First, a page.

Texas A&M University Department of Biology
  • B.S., 1995  Abilene Christian University
  • Ph.D., 2000 Baylor College of Medicine
  • Postdoc, 2000-2004  Harvard University

Joined the Department in 2004
2001-2004                   NRSA Post-doctoral Fellowship
1996-1999                   NRSA Training Grant Pre-doctoral Fellow: 
1995                            Paul C. Witt Award, Abilene ChristianUniversity.
1995                            Summa Cum Laude, Abilene Christian University
1995                            University Scholar, Abilene Christian University

Perkins Lab Website

Brian Perkins

Brian Perkins
Associate Professor

3258 TAMU
College Station, TX 77843-3258

Biological Sciences Building East
Room 118C

Biological Sciences Building East
Room 102

Fax: 979-845-2891
Email: bperkins@bio.tamu.edu

Curriculum Vitae

Genetic Studies of Retinal Development in Vertebrates

Zebrafish RetinaDr. Perkins investigates the cell biology of hereditary blindness to understand the causes of photoreceptor degeneration.  His lab uses zebrafish to investigate the mechanisms underlying photoreceptor morphogenesis, intracellular trafficking, and retinal pigment epithelium (RPE) function.  The small size and rapid development of zebrafish enable his lab to efficiently and rapidly conduct many experiments in a small amount of space and as a vertebrate, the genetic pathways, physiology, and anatomy of the retina is very similar to humans.  Thus, what he learns from the studies in zebrafish will be applicable to understanding the pathways leading to retinal disease in humans.  The lab currently focuses on defects in various tissues resulting from loss of function in genes required for cilia formation and function.  Specifically, we use mutants and loss of function strategies (e.g. morpholino oligonucleotides) to study how Intraflagellar Transport (IFT) affects photoreceptor outer segment formation.  The long term goal is to understand how defects in cilia formation and intracellular trafficking cause vision loss in diseases such as Age Related Macular Degeneration, Bardet-Biedl Syndrome and Retinitis Pigmentosa.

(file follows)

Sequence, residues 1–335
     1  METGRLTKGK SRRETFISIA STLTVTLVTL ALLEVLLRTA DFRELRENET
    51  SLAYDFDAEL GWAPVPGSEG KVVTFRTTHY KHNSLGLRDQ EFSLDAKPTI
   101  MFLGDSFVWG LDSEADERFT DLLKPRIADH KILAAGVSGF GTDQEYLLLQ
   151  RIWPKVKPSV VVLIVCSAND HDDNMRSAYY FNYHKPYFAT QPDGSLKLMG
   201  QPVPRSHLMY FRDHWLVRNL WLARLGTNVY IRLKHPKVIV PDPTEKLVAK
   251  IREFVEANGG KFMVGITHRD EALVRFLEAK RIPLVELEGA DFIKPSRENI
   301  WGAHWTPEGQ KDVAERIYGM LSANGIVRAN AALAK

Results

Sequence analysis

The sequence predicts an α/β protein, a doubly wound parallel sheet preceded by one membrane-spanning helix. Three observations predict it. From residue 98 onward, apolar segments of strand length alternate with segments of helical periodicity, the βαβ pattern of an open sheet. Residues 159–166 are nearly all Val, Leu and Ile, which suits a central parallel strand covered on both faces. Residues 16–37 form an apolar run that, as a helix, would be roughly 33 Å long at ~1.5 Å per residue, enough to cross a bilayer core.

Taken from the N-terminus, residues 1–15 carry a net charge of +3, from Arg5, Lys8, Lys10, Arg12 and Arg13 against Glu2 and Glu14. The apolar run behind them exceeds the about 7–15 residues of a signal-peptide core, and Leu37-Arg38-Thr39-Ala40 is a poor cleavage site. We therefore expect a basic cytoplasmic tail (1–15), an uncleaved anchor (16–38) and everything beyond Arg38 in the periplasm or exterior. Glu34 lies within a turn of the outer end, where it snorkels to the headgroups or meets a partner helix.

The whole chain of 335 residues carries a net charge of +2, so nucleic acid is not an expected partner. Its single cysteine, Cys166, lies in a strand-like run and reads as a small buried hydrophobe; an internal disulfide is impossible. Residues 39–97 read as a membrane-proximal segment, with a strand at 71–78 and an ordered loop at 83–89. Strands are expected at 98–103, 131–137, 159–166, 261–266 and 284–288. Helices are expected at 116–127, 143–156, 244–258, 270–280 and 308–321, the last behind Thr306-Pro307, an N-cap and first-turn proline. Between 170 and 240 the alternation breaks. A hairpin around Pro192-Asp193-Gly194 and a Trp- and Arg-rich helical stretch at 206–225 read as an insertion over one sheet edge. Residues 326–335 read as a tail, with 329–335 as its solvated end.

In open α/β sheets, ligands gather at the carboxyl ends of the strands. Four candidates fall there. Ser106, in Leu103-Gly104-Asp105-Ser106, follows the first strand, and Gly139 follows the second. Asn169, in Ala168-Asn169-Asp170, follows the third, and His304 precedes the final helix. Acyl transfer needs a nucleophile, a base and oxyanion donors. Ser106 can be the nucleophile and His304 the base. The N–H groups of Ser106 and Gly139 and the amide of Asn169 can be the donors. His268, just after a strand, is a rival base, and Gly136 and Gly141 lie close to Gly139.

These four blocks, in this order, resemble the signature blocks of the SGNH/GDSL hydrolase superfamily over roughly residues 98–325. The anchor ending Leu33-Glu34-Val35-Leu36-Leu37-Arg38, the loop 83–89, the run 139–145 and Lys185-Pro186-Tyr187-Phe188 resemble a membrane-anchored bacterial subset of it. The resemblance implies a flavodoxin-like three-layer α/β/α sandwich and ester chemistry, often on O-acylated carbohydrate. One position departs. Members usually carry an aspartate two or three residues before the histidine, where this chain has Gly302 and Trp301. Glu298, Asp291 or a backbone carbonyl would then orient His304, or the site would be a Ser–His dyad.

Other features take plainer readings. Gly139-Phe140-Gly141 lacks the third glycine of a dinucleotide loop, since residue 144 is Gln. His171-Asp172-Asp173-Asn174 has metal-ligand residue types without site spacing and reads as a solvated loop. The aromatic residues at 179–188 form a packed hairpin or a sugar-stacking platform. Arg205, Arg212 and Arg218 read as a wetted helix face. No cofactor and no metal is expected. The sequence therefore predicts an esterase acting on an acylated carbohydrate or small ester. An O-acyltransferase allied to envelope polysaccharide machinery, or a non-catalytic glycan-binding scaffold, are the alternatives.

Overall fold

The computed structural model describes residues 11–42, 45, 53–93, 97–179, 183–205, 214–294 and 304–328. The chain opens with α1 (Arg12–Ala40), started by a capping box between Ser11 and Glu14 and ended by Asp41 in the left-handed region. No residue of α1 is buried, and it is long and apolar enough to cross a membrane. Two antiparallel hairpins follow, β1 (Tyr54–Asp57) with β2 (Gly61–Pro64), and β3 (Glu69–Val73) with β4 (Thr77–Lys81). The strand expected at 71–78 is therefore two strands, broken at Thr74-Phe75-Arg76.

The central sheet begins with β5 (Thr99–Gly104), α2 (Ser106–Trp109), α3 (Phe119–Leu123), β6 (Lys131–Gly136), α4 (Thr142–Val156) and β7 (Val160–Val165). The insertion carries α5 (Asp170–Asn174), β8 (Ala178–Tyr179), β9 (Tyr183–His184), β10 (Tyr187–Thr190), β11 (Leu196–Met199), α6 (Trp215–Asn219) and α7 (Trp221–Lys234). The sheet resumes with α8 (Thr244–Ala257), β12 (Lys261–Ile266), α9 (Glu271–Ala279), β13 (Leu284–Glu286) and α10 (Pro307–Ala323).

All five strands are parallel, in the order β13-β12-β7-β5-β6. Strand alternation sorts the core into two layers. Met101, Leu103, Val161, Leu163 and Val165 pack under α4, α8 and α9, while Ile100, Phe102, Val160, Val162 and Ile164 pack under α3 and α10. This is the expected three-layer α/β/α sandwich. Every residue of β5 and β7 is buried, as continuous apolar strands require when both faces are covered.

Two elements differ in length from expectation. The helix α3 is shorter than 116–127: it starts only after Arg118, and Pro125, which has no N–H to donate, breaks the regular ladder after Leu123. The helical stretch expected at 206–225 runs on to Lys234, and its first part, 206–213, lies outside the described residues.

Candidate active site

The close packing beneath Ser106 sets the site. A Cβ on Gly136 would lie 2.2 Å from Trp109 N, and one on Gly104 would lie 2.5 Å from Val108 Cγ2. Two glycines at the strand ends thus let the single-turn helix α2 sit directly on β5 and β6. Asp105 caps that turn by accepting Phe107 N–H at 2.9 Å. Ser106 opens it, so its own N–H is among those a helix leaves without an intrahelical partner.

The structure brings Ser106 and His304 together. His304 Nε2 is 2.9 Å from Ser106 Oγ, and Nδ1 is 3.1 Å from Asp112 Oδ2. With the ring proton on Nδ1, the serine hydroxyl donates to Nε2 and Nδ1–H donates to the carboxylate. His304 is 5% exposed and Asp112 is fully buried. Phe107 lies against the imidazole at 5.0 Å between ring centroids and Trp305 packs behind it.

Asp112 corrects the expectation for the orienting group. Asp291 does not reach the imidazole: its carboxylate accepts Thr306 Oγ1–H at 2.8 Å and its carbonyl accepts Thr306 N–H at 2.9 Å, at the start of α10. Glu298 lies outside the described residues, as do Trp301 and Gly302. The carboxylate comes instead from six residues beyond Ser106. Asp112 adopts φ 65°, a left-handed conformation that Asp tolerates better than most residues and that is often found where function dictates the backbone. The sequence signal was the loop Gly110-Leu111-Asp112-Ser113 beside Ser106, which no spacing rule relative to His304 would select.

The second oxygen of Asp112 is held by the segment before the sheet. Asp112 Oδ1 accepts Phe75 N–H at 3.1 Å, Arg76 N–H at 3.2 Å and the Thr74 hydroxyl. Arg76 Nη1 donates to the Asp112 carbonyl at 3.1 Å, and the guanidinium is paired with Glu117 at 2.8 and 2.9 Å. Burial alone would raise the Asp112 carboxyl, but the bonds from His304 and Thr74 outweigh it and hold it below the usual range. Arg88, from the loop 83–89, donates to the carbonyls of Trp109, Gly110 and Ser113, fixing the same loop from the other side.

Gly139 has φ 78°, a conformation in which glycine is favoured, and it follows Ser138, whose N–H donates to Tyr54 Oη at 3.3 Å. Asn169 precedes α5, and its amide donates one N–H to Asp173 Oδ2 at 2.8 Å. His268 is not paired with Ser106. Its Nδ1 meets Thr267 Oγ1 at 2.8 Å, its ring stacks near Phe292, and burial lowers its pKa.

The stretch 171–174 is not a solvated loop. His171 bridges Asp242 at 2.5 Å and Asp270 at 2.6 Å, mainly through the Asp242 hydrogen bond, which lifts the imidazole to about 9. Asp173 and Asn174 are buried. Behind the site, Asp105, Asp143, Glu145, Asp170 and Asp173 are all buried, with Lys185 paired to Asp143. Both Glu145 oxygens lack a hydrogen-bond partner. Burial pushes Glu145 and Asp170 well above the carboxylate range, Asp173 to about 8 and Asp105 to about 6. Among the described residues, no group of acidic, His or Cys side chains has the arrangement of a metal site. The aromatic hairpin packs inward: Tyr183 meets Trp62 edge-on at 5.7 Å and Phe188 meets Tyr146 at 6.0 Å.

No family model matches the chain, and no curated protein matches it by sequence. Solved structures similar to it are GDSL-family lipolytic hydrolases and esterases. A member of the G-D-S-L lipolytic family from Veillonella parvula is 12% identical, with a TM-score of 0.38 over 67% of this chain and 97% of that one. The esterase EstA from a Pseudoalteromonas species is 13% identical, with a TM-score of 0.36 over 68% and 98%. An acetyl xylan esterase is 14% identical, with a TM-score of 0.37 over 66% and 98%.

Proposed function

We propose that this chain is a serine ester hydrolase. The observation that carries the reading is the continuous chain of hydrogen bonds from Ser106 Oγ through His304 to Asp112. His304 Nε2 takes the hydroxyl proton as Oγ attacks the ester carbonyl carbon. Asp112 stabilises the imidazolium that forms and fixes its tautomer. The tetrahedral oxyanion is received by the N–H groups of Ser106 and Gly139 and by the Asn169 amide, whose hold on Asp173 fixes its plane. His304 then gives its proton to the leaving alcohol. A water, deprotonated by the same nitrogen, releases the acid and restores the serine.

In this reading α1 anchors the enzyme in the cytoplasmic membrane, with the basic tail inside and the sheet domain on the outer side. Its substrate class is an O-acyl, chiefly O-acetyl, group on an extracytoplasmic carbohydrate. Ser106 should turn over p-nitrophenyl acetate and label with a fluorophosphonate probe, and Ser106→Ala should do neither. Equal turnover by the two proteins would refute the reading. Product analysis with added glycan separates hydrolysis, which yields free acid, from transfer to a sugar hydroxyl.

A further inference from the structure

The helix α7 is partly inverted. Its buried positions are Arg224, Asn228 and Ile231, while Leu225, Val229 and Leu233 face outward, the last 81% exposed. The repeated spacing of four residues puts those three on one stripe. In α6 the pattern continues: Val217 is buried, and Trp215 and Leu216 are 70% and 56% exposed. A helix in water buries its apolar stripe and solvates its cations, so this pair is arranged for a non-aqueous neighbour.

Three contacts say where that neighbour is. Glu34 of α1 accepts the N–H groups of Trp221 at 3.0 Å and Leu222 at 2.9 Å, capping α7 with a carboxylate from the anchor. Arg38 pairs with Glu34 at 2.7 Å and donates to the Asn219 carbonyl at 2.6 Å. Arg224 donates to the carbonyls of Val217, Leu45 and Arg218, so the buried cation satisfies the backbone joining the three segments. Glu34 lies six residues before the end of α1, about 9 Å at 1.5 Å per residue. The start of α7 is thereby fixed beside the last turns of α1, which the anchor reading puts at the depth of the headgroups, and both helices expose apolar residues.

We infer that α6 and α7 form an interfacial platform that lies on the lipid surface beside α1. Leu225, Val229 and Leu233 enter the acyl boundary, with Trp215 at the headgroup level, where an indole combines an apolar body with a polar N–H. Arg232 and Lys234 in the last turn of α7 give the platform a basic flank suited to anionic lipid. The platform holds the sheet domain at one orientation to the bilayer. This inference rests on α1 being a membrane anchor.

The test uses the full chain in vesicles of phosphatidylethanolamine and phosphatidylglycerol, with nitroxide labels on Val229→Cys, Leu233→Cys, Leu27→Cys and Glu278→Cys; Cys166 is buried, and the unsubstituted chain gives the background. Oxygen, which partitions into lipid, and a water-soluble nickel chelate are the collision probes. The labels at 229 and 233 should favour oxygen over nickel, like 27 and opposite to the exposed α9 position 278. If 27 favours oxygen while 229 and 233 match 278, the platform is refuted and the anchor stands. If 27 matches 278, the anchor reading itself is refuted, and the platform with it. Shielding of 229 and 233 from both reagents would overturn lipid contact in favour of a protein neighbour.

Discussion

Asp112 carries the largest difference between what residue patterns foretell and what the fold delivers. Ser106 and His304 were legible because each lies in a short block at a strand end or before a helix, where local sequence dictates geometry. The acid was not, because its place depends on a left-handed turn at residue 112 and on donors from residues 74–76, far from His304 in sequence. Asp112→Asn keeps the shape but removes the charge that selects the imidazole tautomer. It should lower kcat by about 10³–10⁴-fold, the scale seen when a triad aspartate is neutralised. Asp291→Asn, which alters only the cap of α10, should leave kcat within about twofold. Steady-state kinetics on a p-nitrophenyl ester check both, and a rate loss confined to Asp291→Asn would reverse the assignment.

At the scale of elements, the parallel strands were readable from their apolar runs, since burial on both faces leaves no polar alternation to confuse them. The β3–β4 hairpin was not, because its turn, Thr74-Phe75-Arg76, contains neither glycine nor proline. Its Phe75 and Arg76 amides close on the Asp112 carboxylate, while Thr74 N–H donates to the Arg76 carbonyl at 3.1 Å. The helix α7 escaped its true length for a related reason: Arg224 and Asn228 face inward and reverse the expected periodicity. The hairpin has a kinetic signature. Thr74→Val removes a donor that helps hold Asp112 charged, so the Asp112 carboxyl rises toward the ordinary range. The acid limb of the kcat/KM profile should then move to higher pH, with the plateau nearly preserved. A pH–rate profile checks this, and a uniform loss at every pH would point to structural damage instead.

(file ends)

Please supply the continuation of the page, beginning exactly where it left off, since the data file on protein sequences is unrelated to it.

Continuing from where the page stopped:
1. Krock BL & Perkins BD (2014) The Par-PrkC polarity complex is required for cilia growth in zebrafish photoreceptors. PLoS One 9:e104661 Full text
  2. Wasfy MM, Matsui JI, Miller J, Dowling JE & Perkins BD (2014) myosin 7aa(-/-) mutant zebrafish show mild photoreceptor degeneration and reduced electroretinographic responses. Exp Eye Res 122:65-76 Full text
  3. Ramsey M & Perkins BD (2013) Basal bodies exhibit polarized positioning in zebrafish cone photoreceptors. J Comp Neurol 521:1803-16 Full text
  4. Perkins BD & Fadool JM (2010) Photoreceptor structure and development analyses using GFP transgenes. Methods Cell Biol 100:205-18 Full text
  5. Hudak LM, Lunt S, Chang CH, Winkler E, Flammer H, Lindsey M & Perkins BD (2010) The intraflagellar transport protein ift80 is essential for photoreceptor survival in a zebrafish model of jeune asphyxiating thoracic dystrophy. Invest Ophthalmol Vis Sci 51:3792-9 Full text
  6. Tobler M, Coleman SW, Perkins BD & Rosenthal GG (2010) Reduced opsin gene expression in a cave-dwelling fish. Biol Lett 6:98-101 Full text
  7. Lunt SC, Haynes T & Perkins BD (2009) Zebrafish ift57, ift88, and ift172 intraflagellar transport mutants disrupt cilia but do not affect hedgehog signaling. Dev Dyn 238:1744-59 Full text
  8. Krock BL, Mills-Henry I & Perkins BD (2009) Retrograde intraflagellar transport by cytoplasmic dynein-2 is required for outer segment extension in vertebrate photoreceptors but not arrestin translocation. Invest Ophthalmol Vis Sci 50:5463-71 Full text
  9. Sukumaran S & Perkins BD (2009) Early defects in photoreceptor outer segment morphogenesis in zebrafish ift57, ift88 and ift172 Intraflagellar Transport mutants. Vision Res 49:479-89 Full text
  10. Krock BL & Perkins BD (2008) The intraflagellar transport protein IFT57 is required for cilia maintenance and regulates IFT-particle-kinesin-II dissociation in vertebrate photoreceptors. J Cell Sci 121:1907-15 Full text

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